Another Victory for Fracking Opponents in Dallas

On Wednesday, the Dallas City Council capped off years of debate between residents, council members, oil and gas advocates and environmentalists by passing one of the most restrictive natural gas drilling ordinances in North Texas’ Barnett Shale. The ordinance prohibits drilling within 1,500 feet of homes, schools, churches and other protected sites.

Dallas’ fracking fight came to a head over the past two years, when the city council considered granting Trinity East Energy permits to drill on unused city park land it had leased. Trinity had already forked over $19 million for the leases, which the city promptly spent, but officials played hot potato with the decision before a zoning body, the City Plan Commission, killed the drilling permits in March. One month earlier, a secret deal between City Manager Mary Suhm and Trinity East had surfaced, angering citizens and some city council members.

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Dallas City Council Rejects Fracking

After years of Dallas officials playing hot potato with three permits that would allow fracking within city limits for the first time, the City Council finally rejected the permits today. A city commission is still working on a new gas-drilling ordinance, but at least for now, Dallas is closed to fracking.

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Dallas Commission Rejects ‘Fracking’ Permits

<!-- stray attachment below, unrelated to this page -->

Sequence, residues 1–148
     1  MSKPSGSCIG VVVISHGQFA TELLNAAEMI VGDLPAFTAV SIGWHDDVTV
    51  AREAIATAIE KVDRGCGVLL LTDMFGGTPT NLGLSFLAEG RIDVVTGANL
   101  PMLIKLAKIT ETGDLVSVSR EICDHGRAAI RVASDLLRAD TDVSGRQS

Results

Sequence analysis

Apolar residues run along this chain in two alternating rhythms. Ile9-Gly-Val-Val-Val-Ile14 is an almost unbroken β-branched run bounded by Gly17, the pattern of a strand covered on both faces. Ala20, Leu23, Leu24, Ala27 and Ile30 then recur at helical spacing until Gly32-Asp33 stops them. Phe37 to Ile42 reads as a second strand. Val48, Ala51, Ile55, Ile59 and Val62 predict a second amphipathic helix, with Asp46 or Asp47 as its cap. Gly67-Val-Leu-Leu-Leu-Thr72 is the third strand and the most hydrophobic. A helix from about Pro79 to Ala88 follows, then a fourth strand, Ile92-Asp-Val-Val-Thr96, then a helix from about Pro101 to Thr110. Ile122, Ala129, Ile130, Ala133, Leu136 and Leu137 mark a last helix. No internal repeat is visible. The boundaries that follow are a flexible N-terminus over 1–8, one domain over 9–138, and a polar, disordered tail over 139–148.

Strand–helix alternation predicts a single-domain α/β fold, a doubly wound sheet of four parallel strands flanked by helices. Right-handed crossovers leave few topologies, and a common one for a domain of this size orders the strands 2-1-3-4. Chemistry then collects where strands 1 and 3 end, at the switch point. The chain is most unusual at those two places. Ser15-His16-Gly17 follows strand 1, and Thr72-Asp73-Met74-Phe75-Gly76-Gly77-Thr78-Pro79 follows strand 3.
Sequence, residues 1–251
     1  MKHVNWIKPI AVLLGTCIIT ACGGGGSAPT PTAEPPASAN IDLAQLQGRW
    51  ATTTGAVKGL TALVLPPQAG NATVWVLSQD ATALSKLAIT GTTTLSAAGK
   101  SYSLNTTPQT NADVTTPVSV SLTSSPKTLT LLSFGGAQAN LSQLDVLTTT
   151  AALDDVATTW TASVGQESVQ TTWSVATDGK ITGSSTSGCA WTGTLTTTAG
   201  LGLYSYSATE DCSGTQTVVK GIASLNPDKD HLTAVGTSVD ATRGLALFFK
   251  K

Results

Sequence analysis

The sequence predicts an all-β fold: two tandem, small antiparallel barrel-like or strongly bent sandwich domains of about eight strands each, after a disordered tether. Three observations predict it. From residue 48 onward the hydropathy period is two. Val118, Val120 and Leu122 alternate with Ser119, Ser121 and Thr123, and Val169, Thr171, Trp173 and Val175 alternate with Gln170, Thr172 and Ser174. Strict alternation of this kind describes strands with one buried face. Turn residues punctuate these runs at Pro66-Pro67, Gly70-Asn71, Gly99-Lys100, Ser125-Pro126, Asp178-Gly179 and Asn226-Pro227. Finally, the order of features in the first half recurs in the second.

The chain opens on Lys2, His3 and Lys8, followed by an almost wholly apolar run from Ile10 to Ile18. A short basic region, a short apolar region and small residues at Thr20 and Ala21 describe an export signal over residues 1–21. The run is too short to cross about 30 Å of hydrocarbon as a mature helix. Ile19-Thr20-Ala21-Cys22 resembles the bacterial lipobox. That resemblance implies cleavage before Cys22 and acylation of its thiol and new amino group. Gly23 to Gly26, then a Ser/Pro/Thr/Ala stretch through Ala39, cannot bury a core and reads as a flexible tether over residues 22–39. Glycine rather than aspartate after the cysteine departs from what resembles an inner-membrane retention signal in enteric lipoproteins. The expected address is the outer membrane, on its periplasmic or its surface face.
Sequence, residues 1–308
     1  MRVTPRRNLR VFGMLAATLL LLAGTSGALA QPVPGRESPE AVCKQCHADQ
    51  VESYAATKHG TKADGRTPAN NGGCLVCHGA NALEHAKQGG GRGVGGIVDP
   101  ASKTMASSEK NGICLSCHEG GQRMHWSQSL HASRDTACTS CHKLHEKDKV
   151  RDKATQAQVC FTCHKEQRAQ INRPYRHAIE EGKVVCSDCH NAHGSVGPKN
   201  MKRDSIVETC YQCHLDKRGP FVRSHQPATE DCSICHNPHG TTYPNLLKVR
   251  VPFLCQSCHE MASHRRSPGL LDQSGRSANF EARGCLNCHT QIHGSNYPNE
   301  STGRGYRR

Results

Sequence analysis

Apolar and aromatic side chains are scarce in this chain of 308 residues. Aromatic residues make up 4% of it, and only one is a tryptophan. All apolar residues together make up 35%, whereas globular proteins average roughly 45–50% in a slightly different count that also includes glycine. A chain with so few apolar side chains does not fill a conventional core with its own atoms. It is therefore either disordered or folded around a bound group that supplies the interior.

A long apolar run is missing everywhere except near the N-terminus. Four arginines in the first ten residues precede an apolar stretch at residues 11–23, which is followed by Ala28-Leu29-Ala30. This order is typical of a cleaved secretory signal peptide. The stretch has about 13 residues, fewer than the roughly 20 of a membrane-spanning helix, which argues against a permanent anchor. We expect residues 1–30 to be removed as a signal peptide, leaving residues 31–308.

It seems the waiting game might finally be over in Dallas. After years of city government lollygagging, residents appear to be closer to an answer on whether the city will be open to fracking. On Thursday the City Plan Commission rejected natural gas producer Trinity East’s drilling permits, which have been the center of contention in Dallas’ fight over fracking. The final decision ultimately rests in the hands of the City Council, but it would take a supermajority of 12 of its 15 members to override the commission’s vote.

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Secret ‘Fracking’ Deal Comes to Light in Dallas

So about that fracking fight in Dallas … Things just got real.

This morning a letter surfaced revealing a secret deal between Dallas City Manager Mary Suhm and natural gas producer Trinity East. In the letter, Suhm essentially agrees to help Trinity drill on city parkland, writing that her staff was “reasonably confident” that the company would get permission to drill. Around the same time, however, Suhm was telling Dallas City Council that Trinity wouldn’t be allowed to do so. The letter is dated August 15, 2008—two months after the park board had prohibited drilling in city parks and five days before the City Council passed a resolution banning the same thing.

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To Frack or Not to Frack in Dallas

After years of opponents and industry arguing, waiting and waiting some more, Dallas’ fracking future might finally come to a vote. In early February a city commission is expected to vote, yet again, on whether to grant Fort Worth-based Trinity East Energy permits to drill on city-owned land. It would be the first gas well sunk within city limits and would affirm Dallas’ stance on the controversial practice of fracking.

Trinity signed a $19 million lease with the city in 2008 and applied to use the land to drill in early 2011. The city of Dallas has been reluctant to issue any drilling permits without first updating its gas drilling ordinance like other nearby cities have done, to accommodate public concerns over noise, air pollution and property setbacks. As a result, Trinity’s permits have been on hold and the issue has been languishing for what all sides agree is far too long.

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